It was a tweet from an online friend in the world of amateur radio, featuring a transmitter design published in Sprat, the journal of the G-QRP club for British enthusiasts of low-power radio. The transmitter was very simple, but seriously flawed: keying the power supply line would cause it to exhibit key clicks and frequency instability. It would probably have been far better leaving the oscillator connected full-time and keying the supply to the amplifier, with of course a suitable key click filter.
We’ve all probably made projects that get the job done at the expense of a bit of performance and economy, and from one angle this circuit is a fantastic example of that art. But it’s not the shortcomings of direct PSU keying a small transmitter that has brought it here, but observation instead of what it represents. Perhaps my social group of radio amateurs differs from the masses, but among them the universal lament is that there is nothing new in a simple transistor transmitter that could just as well have been published in 1977 as 2017.
To explain why this represents a problem, it’s worth giving some background. Any radio amateur will tell you that amateur radio is a wonderful and diverse pastime, in fact a multitude of pastimes rolled into one. Working DX? Got you covered. Contesting? UR 599 OM QRZ? Digital modes pushing the envelope of atmospheric propagation? Satellites? SDRs? GHz radio engineering? All these and many more can be yours for a modest fee and an examination pass. There was a time when radio was electronics, to all intents and purposes, and radio amateurs were at the vanguard of technology. And though electronics has moved on from those days of purely analogue communications and now stretches far beyond anything you’d need a licence and a callsign to investigate for yourself, there are still plenty of places in which an amateur can place themselves at the cutting edge. Software defined radio, for instance, or digital data transmission modes. With an inexpensive single board computer and a few components it is now possible to create a software-defined digital radio station with an extremely low power output, that can be copied on the other side of the world. That’s progress, it’s not so long ago that you would have required a lot of dollars and a lot of watts to do that.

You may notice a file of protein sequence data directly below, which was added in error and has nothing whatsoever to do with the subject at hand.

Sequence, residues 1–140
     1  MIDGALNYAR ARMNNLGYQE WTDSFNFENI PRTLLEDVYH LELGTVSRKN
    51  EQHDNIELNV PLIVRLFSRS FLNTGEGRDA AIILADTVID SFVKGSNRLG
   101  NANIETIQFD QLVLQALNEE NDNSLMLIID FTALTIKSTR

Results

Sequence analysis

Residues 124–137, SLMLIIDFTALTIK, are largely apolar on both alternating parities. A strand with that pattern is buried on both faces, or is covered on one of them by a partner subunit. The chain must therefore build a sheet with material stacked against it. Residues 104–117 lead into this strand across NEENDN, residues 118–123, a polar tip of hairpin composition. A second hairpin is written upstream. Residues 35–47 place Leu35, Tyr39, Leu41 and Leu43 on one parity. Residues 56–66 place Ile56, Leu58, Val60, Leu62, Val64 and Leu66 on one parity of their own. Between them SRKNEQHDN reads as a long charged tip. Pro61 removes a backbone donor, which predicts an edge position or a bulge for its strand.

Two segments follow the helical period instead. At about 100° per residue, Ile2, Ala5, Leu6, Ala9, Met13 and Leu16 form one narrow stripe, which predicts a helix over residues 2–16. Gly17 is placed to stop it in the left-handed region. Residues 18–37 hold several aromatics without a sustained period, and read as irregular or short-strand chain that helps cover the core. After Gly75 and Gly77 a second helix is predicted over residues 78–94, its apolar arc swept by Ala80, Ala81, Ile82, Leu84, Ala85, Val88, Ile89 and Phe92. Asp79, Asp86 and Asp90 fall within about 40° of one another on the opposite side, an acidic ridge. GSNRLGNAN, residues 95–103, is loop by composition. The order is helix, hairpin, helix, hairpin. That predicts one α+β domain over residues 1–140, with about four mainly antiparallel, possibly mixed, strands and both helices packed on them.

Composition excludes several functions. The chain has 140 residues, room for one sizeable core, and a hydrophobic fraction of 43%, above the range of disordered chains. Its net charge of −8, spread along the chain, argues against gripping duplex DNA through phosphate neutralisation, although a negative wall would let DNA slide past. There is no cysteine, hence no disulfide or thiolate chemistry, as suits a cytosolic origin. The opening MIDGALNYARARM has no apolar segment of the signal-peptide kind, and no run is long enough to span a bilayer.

Against that background, a casual reader could be forgiven for missing all this progress and coming away with the impression that amateur radio construction is a world of discrete components with part numbers you would have found in a supplier catalogue from 1975. It is unfair to pick on Sprat alone though (after all, its editor [George Dobbs G3RJV] is a personal engineering hero), this seems to be pervasive across a spectrum of publications in the field.
So why, given that there is a lot of interesting new technology for radio amateurs, do we see so much of what essentially we have seen many times before? The answer of course is that there is a demand for it, and it’s easy to see why that is the case as there is undoubtedly an elegance to making a working transceiver for next-to-nothing from the minimum of parts. There is however a deeper reason for that demand, and it lies in what different radio amateurs are comfortable with. If you know how to make discrete transistor circuits but for example surface-mount soldering scares you and the intricacies of GNU Radio are beyond you, then of course you are going to prefer the safe and friendly world of 1975 when it comes to parts selection.
You might ask why this is a problem, after all if a demand exists and is being sated, isn’t that a good thing? But there are so many more recent technologies to be explored in amateur radio, and maybe the various media outlets that serve amateur radio aren’t fully tapping that demand as well. In this I include Hackaday, because while we are not a radio amateur publication as such it is definitely true that radio amateurs are part of our constituency. A significant proportion of Hackaday writers have callsigns, and we like to cover amateur radio stories. We’ve taken you through some of the fundamentals of software defined radio and tried to cover GNU Radio in detail, but are there any other fields we’re not giving enough attention to? It’s something we’d like to ensure we get right, if there’s a field of amateur radio you’d like us to cover, let us know. As always, the comments are open.